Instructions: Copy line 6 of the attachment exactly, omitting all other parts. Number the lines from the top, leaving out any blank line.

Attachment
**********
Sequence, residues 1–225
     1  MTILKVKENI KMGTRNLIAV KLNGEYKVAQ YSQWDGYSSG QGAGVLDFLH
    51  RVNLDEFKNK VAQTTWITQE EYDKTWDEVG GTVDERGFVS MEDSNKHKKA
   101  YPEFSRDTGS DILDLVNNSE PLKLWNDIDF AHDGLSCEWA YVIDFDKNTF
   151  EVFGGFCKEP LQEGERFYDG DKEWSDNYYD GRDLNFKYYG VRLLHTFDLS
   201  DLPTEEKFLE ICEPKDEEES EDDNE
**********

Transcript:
   201  DLPTEEKFLE ICEPKDEEES EDDNE